In the pharmaceutical industry, reverse logistics is the process of moving drugs from their final destination, whether it be the shelves of a commercial pharmacy, a hospital, a clinic or even your home medicine cabinet, through the whole supply chain, back to the manufacturer.

This process includes both product returns and product recalls—each presenting its own challenges. In this blog post, we will specifically focus on recall management and how Track&Trace solutions can make it easier and more efficient.


  • A recall consists of removing a prescription or over-the counter drug from the market.
  • A recall could be initiated by the marketing authorisation holder (MAH) or national and regional health authorities such as the U.S. FDA or the EMA.
  • A recall is a serious process that requires fast and effective action to protect the public from harm.


According to the U.S. FDA, about 4,500 drugs and medical devices, on average, are pulled from U.S. shelves every year. U.S. pharma-product recalls have significantly increased in recent years, reaching unprecedented numbers, according to the Regulatory Affairs Professionals Society (RAPS).

In the European Union and all over the world, pharmaceutical MAHs and other authorities are facing the same recall challenge. While automated vision systems can prevent or limit some recalls during the manufacturing process before the products go to market, others cannot be anticipated.


This past July, the U.S. FDA issued a voluntary recall of drugs containing valsartan, an ingredient used to treat high blood pressure and heart problems, after an impurity linked to cancer had been detected. Authorities in more than two dozen countries around the world had already issued similar recalls. In response, the Chinese bulk manufacturer of valsartan said it would recall the product in the United States and halt shipments to the country. Affected companies included Teva Pharmaceutical Industries Ltd., Solco Healthcare and Major Pharmaceuticals.

In August, European and U.S. health officials expanded their recall of valsartan after the potentially cancer-causing substance N-nitrosodimethylamine (NDMA) was found in medications made by a second Chinese manufacturer and by one in India.


  1. Manufacturing defects and deviations are the most common cause of recalls, primarily when oversized or undersized pills or capsules result in super- or sub-potent formulations. In the U.S., the FDA monitors drug manufacturers’ compliance with Current Good Manufacturing Practices (cGMP).
  2. Particulate contamination. This refers to contamination of inorganic materials such as glass, silicone and stainless steel for vials, syringes and IV bags. Contamination of packaging materials should not be underestimated. Several years ago, a variety of over-the-counter medications were recalled because of contamination believed to have come from the wooden pallets used to ship the drugs.
  3. Contamination of active pharmaceutical ingredients (APIs), i.e., an impurity encountered in the drug. This was the case in the valsartanrecall. Crystallization of the API in liquid formulations will also lead to recalls.
  4. Packaging defects such as sterility failure in injectable products due to cracks on the rim of vials. Sterility is the leading cause of medical-device recalls.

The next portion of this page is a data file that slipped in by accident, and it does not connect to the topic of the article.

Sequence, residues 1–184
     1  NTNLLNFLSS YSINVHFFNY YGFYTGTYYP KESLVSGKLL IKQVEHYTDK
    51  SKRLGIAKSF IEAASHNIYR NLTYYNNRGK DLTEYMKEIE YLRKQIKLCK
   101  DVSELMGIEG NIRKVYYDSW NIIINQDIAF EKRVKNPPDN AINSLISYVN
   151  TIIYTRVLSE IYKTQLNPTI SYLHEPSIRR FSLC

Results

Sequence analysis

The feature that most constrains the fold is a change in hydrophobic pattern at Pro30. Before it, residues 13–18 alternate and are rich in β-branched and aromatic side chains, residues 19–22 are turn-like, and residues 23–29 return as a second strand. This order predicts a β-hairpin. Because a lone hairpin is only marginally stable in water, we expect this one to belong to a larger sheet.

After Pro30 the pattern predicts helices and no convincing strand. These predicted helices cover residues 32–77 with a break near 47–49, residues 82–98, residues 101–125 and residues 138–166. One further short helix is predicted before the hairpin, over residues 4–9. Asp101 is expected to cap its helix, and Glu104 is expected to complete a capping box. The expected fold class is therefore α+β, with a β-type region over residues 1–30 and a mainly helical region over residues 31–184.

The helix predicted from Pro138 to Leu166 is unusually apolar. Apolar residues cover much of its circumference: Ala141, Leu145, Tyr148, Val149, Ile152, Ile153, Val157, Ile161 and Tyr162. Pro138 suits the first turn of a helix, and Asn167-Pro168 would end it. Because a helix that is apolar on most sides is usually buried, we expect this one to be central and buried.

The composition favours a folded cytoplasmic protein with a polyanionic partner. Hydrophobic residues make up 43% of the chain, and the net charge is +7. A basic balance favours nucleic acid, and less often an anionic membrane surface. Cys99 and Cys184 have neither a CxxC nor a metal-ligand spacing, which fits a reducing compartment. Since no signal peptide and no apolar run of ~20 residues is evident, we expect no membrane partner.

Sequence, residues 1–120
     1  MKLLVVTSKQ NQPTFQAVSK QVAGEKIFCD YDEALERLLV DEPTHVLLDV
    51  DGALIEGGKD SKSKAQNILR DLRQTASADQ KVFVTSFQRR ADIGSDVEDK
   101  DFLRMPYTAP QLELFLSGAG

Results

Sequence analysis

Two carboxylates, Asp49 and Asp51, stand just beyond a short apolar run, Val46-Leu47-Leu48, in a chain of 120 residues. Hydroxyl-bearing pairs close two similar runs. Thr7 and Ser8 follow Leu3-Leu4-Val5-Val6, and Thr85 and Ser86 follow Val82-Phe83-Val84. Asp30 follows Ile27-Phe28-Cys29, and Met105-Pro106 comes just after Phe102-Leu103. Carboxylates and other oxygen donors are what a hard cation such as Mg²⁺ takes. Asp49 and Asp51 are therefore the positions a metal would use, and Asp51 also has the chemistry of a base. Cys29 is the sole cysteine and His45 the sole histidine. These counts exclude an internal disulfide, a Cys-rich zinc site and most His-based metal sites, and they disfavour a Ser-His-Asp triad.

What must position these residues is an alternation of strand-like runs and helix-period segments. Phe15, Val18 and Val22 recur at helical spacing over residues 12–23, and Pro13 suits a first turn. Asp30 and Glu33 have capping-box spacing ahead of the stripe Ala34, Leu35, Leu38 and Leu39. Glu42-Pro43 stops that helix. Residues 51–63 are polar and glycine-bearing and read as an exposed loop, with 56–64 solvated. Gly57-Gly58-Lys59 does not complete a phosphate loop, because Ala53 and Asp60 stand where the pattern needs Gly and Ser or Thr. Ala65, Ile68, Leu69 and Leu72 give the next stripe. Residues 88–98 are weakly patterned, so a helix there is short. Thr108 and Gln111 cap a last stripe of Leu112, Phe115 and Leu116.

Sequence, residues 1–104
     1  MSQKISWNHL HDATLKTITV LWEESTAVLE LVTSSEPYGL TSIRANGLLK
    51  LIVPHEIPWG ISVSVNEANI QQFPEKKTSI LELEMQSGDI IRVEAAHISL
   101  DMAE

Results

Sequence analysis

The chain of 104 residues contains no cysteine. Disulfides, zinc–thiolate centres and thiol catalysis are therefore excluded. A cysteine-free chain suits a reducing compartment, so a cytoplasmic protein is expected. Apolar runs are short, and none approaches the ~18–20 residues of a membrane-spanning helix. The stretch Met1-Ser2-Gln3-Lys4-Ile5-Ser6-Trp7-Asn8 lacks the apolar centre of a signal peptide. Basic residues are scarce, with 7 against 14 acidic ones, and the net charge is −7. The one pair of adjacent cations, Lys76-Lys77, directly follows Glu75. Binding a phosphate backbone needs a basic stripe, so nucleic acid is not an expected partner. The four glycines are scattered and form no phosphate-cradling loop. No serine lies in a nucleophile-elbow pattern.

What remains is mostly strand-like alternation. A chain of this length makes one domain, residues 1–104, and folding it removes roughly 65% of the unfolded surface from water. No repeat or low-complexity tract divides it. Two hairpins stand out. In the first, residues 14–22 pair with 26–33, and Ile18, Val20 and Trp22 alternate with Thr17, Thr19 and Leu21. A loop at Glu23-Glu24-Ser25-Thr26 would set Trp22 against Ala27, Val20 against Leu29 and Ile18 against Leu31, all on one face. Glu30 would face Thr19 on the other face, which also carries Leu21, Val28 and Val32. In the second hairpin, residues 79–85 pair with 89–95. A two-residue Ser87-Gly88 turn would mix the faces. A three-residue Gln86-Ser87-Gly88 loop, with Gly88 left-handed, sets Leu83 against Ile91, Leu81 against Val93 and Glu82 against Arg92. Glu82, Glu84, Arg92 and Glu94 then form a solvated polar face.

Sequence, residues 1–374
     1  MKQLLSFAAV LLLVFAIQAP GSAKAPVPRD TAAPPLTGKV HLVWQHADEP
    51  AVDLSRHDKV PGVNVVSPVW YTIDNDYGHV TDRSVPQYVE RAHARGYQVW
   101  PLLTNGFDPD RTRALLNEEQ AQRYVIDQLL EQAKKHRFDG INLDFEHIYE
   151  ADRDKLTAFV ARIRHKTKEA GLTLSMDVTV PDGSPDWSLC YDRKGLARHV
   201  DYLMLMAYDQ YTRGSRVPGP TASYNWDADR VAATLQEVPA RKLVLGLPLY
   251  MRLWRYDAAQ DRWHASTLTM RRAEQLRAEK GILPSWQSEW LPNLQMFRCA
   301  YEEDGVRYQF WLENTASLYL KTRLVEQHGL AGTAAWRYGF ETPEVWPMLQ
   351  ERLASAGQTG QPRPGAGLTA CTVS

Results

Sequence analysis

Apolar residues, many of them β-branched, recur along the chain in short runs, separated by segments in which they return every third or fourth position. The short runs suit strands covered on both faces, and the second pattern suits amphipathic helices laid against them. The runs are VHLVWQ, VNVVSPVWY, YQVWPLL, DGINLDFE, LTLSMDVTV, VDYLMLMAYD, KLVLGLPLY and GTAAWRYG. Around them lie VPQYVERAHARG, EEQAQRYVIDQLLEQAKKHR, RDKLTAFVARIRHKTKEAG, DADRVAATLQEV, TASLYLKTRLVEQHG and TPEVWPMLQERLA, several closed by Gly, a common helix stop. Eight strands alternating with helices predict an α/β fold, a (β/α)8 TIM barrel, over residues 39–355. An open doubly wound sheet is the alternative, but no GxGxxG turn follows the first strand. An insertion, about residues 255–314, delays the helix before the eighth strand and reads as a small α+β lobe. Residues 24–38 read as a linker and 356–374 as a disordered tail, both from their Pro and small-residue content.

5. Mislabelling. This was the case this past August with the massive voluntary recall of a popular blood-pressure medicine distributed by Accord Healthcare. This kind of recall could have been avoided by using automated vision-inspection solutions.

The list of reasons for recalls does not stop here.

Every year, hundreds of new drugs are put to market with approval from the appropriate regulatory health organizations. Unfortunately, some companies fail to properly test these drugs, which could result in serious side effects and complications.


It is not easy to recall a product once it is on the pharmacy shelf. All around the world, regulatory health organizations require that the smallest level of packaging of any drug be identified with a unique serial number. Some also require that units be aggregated.

Any break in the chain of custody means that the integrity of the item cannot be guaranteed and that MAHs lose track of their own products. MAHs need to gain complete visibility on their supply chains, from the wholesalers and distributors to the retailers and end customers.


Recalls can be managed down to the individual unit thanks to serial numbers and traceability solutions. Through systematic, documented identification and recorded data, traceability allows you to verify and track the history, location and even the state or status of an item, regardless of where it is in the supply chain.

Furthermore, aggregation of individual products to a carton, bundle and pallet will simplify the handling of the products through the supply chain. While aggregation makes commissioning, decommissioning and recommissioning easier, faster and more accurate, it also helps ease and accelerate the process of recall management. Lot-level tracking through aggregation is highly improving the recall management process for all the actors in the pharmaceutical supply chain.

End-to-end traceability gives pharma MAHs the visibility they need in their supply chain; they can know in real time which product is where and call it back!

Get smart. Read our white paper: Requirements and Challenges of Aggregation in the United States.